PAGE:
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Late to the Game(s): On the Trail of UFOs Dark Sky

Jeremy D. Wells
Carter County Times

On the Trail of UFOs: Dark Sky is not what I was expecting from Small Town Monsters. Not exactly anyway. It builds on the formula established in the eponymous On the Trail of UFOs miniseries, also hosted and narrated by Dark Sky lead Shannon LeGro. I expected that. 

They treat the witnesses and the stories with serious respect, without succumbing to credulity. They remain open to any story offered and seem keen to document them – as much folkloric archivists as paranormal researchers. I expected that too. 

What I was not expecting, and was pleasantly surprised by, was the strong focus on West Virginia and the Ohio River Valley. 

In retrospect, I shouldn’t have been. Breedlove hails from eastern Ohio and long ago established his Appalachian bona fides. Many of his films have focused on Appalachian cryptids, creatures, and stories. Three of those films with explicit UFO connections – The Mothman of Point Pleasant, The Mothman Legacy, and the Flatwoods Monster – are focused on West Virginia phenomenon. Even Invasion on Chestnut Ridge, which focuses mostly on Appalachian Pennsylvania in and around the town of Kecksburg, ventures across the border into West Virginia briefly. Breedlove notes in Invasion that neither the geographic Chestnut Ridge nor the strange phenomenon associated with the feature respect the state line. 

Breedlove and crew do a good job of using West Virginia – and its gorgeous rural night skies – as a microcosm for the UFO phenomenon as a whole. They touch on possibilities as diverse as the extraterrestrial hypothesis (ETH), experimental military aircraft, and hollow earth theory – all put forward in various UFO literature as explanations for the phenomenon. They do this all, and put forward a film that should appeal to UFO enthusiasts from across the U.S. and around the world, without compromising the unique West Virginia flavor of the stories they collect.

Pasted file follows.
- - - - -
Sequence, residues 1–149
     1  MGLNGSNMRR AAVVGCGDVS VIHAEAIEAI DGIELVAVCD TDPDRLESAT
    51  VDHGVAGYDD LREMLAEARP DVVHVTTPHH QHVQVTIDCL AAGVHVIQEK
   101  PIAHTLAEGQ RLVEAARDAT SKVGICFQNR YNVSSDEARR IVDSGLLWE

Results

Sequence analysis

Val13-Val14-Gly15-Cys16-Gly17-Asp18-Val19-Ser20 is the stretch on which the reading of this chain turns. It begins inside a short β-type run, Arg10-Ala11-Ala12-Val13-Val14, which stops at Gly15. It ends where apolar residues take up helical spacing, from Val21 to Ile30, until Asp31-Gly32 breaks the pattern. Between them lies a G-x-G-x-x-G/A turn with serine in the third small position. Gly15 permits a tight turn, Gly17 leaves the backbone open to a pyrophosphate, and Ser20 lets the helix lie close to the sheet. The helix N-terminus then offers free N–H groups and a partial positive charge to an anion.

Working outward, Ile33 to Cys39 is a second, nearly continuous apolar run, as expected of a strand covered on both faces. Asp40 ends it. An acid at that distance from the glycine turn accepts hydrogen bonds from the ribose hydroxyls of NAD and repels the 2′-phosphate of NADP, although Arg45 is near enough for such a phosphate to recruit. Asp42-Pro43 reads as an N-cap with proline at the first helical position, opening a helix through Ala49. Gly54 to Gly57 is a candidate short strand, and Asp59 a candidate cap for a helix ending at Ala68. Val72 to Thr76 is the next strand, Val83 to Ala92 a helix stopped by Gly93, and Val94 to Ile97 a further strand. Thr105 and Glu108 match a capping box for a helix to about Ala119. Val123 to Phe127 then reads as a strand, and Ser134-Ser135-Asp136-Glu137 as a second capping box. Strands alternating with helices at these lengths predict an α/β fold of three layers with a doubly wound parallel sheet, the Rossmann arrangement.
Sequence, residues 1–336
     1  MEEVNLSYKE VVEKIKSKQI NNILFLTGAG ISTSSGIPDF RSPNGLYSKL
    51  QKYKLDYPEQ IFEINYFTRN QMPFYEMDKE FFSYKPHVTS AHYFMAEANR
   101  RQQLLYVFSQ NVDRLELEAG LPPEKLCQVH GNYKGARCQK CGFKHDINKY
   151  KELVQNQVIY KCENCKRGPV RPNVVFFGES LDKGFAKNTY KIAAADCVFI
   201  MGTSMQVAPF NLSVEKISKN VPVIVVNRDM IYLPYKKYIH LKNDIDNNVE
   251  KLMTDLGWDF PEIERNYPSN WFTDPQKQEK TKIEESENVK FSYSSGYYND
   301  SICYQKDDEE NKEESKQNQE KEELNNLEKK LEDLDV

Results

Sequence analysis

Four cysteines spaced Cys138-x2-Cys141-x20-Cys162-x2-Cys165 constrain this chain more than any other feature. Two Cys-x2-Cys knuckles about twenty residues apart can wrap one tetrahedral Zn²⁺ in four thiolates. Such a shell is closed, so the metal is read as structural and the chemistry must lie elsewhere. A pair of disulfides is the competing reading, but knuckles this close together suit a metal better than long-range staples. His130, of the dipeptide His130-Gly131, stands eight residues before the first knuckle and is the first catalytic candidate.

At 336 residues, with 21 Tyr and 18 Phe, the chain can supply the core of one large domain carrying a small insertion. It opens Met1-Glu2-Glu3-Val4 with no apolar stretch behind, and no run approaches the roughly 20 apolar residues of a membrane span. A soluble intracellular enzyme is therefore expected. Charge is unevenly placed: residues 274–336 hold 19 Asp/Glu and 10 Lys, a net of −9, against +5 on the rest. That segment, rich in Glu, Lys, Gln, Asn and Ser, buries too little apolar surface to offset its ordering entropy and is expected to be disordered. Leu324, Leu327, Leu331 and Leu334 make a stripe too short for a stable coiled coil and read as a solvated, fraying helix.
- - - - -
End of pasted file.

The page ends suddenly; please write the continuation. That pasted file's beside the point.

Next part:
They even have their own encounter with unidentified lights, and show just how hard it is to get good, convincing footage even with professional quality recording equipment.

As LeGro noted she has heard herself from witness after witness over the years, “you had to be there.” 

The only part of the film that feels unrealized is a theory that Breedlove briefly toys with concerning UFOs and coal mines. He notes that a significant number of sightings occur in areas where there isn’t traditionally as much of a focus on coal mining, but that there is a coal mine within a given radius of the sightings. The fact that these areas are outside of heavy mining areas, but still nearby a coal mine isn’t surprising though. There are few areas in West Virginia that are very far from a coal mining operation of some sort, historically or modern. 

The area I’d really like to see the team look into is the tie-in of sightings along the “chemical river” (the Kanawha River) near industrial sites there, and the sightings around other industrial areas up and down the Ohio River Valley. A good folklorist and sociologist could probably put together a nice piece on the intersection of anxieties surrounding the Cold War, modernization, and the unknown or misunderstood side effects of “a better world through chemistry.” 

That might be a bit too niche or academic for this format. Or, maybe we’ll see Seth and company tackle it in a future film. 

One thing I’ve learned is that I shouldn’t underestimate the STM crew’s ability to surprise and delight me. They’ve done it once again with Dark Sky, and once again I highly recommend you check the film out, on various streaming platforms beginning August 3. 

More information available online at smallltownmonsters.com. 

Contact the writer at editor@cartercountytimes.com

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